Non-governmental organisations on Friday condemned the "scandalous and illegal" attempts in France to deport migrants to Syria and called on the French government to clarify these practices that violate international law.
The two attempts date back to October 2022, when the authorities of the Haute-Garonne and the Paris Prefecture of Police, according to Amnesty International, La Cimade and Revivre, in a joint press release, began: "Demarches with the Syrian Embassy in France, while diplomatic relations between France and Syria have been officially severed since March 2012."
The organisations stressed that they are: "Scandalous and illegal attempts in international law. Our organisations are asking the government to clarify its position by reminding the prefectures of France's international obligations, which categorically prohibit the return of a person to a country where he is in danger of death, torture and other ill-treatment."
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Manon Fillonnot, Amnesty International's head of migration, expressed: "We have not seen this before in recent years. It is shocking that, in a relentless effort to implement orders to leave French territory, the authorities are violating France's commitment that it does not have diplomatic relations with Syria. It is inconceivable that anyone will be deported to Ukraine today."
The organisations stressed that although the liberty and custody judge eventually released the two persons concerned, the mere initiation of the proceedings by placing them in administrative detention centres is a violation: "In full knowledge of the facts of international and European rules."
According to the organisations, only the refusal of the Syrian Embassy to issue a consular pass due to the lack of a valid identity document: "Allowed to prevent the expulsion requested by the French authorities."
"France must publicly declare its commitment to the Geneva Convention: France must not detain or attempt to deport any person to a country where there is a risk of being subjected to torture, inhuman or degrading treatment and where his life or freedom would be in danger," asserted the statement signatories.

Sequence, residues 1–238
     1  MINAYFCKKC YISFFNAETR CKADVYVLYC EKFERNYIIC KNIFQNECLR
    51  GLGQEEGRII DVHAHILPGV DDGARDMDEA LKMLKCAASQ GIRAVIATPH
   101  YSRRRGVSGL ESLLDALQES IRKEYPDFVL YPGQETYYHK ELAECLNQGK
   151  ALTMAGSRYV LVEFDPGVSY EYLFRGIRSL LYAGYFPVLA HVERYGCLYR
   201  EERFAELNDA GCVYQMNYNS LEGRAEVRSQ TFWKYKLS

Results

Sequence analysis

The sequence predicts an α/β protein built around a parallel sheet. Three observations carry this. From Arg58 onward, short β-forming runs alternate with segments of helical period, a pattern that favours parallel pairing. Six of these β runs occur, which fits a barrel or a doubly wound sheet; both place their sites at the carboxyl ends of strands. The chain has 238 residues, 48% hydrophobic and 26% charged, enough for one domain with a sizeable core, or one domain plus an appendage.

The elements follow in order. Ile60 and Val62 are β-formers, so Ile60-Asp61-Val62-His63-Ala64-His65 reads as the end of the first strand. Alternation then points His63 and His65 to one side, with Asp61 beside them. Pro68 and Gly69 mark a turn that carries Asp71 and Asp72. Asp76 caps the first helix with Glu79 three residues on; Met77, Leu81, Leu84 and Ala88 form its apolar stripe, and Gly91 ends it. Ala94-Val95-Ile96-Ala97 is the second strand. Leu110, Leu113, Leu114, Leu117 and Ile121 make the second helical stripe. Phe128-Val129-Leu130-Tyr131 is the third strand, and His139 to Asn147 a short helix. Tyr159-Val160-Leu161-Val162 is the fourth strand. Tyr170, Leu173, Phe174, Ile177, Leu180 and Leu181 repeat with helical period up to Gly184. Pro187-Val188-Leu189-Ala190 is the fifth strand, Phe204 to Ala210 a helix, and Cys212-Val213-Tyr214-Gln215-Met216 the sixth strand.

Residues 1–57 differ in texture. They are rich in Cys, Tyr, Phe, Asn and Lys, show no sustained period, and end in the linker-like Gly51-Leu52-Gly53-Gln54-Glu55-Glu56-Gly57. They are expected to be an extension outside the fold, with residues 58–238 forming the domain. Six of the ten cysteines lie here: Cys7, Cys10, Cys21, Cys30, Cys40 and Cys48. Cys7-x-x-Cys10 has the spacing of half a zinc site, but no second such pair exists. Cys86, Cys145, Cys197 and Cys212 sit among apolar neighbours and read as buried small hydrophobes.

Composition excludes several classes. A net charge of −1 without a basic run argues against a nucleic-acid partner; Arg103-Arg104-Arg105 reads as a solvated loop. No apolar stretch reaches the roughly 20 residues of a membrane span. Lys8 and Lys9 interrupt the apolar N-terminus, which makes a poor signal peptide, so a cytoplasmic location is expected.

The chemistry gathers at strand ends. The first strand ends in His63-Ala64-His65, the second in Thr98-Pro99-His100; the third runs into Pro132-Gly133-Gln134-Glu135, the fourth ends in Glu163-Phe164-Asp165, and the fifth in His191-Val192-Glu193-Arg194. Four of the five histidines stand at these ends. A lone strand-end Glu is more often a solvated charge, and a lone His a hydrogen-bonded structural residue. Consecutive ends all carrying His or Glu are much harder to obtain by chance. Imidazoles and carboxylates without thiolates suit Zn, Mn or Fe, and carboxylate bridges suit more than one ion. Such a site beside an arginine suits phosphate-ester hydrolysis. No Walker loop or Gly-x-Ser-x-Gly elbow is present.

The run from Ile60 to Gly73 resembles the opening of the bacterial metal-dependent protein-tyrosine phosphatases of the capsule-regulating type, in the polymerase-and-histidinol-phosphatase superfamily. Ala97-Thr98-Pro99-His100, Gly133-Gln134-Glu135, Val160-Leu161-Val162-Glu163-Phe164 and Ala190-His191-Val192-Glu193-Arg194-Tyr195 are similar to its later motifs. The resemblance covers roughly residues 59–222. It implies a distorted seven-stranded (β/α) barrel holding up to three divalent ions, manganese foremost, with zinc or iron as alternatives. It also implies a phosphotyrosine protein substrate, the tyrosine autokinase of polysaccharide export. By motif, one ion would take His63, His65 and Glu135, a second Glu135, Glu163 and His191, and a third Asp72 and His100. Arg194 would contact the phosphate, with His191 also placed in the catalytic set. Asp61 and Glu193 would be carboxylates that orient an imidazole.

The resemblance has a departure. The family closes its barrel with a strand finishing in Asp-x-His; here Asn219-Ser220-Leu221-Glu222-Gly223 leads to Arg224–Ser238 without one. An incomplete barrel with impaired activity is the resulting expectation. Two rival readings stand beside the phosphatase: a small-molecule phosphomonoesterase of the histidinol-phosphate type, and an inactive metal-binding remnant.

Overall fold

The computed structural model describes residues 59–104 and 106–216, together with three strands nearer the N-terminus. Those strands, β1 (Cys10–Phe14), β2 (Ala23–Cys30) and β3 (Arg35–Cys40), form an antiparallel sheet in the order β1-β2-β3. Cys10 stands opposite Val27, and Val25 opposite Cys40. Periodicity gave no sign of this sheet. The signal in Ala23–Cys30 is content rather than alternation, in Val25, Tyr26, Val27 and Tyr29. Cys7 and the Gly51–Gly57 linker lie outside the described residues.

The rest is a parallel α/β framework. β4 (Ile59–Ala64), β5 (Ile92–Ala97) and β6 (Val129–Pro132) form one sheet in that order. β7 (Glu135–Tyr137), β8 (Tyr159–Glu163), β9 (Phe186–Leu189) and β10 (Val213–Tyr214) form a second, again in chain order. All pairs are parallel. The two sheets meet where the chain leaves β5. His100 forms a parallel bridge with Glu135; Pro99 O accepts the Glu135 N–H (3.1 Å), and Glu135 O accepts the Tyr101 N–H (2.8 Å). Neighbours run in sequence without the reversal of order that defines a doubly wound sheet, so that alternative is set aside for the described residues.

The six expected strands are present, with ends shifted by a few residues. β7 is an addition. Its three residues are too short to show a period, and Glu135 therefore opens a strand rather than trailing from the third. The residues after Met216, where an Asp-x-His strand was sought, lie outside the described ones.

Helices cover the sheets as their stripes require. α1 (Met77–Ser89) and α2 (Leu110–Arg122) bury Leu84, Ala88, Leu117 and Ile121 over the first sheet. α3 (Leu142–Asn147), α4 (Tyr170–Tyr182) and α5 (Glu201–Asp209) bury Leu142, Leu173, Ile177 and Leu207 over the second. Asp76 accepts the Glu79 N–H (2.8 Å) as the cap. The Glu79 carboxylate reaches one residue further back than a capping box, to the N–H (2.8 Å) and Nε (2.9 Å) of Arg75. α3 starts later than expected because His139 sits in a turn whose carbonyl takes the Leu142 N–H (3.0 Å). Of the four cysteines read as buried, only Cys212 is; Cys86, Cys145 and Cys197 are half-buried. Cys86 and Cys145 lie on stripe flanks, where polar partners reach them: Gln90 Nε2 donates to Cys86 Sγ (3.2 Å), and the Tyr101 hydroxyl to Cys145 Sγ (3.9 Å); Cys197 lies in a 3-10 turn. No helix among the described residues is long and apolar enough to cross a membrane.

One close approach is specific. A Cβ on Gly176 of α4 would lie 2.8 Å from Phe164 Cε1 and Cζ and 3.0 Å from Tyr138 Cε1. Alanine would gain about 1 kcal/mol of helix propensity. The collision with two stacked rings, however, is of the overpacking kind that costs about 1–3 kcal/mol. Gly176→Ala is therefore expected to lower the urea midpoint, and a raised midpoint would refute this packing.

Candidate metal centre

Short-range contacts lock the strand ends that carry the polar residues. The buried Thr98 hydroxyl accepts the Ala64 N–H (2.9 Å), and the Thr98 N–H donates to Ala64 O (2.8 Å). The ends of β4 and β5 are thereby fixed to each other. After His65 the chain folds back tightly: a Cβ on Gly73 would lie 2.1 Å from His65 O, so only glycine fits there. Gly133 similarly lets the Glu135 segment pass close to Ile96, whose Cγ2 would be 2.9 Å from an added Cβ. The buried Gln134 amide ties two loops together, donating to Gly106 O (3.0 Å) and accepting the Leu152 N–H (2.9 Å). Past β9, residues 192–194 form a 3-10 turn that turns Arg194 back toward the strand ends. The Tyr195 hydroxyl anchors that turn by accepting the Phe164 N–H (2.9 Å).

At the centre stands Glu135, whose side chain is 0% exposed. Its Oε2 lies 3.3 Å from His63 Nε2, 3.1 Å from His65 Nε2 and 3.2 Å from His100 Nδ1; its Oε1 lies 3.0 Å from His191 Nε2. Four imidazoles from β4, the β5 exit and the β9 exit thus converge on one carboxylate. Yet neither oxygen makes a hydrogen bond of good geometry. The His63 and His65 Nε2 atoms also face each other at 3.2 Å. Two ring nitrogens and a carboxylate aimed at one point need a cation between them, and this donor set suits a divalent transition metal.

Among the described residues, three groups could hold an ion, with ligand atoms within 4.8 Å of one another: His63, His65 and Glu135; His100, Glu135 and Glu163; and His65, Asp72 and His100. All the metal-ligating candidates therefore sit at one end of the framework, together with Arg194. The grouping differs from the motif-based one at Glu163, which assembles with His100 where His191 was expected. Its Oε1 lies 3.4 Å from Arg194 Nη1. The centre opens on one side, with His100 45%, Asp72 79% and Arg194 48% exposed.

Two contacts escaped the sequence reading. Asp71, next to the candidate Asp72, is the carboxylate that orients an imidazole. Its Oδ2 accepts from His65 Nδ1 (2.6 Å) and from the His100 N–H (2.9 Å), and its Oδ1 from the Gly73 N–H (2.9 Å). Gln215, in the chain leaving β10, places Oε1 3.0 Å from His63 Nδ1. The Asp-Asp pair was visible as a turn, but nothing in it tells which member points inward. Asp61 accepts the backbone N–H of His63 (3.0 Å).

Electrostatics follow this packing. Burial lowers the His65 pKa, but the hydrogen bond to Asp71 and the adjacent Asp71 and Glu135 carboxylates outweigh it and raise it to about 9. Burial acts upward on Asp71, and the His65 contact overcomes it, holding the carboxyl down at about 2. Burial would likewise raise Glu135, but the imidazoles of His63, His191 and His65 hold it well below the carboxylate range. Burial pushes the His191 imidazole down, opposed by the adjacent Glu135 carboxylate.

Fillonnot noted that the persecution of people returning to Syria after they sought asylum abroad is "excellently documented."
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On Friday, the French Interior Ministry claimed that: "There was no deportation to Syria. Sometimes it is necessary to contact the Syrian authorities through the consular authorities to verify the Syrian nationality of an irregular alien claiming it, in particular, to avoid that all (…) take advantage of Syrian nationality to prevent deportation to their countries of origin."
In an interview with Le Monde last November to present his draft law on immigration, French Interior Minister Gerald Darmanin indicated that he was open to granting special residency status to Syrians. He explained: "However, there are people who are denied asylum and issued OQTFs but who cannot be deported because they are Syrians or Afghans, and we do not have diplomatic relations with Bashar Al-Assad or the Taliban."
At least 3,825 people were killed in Syria in 2022, according to the Syrian Observatory for Human Rights. Since its outbreak in 2011, the conflict in Syria has killed nearly half a million people, caused massive damage to infrastructure and the economy and forced more than half of the population to flee inside or outside Syria.
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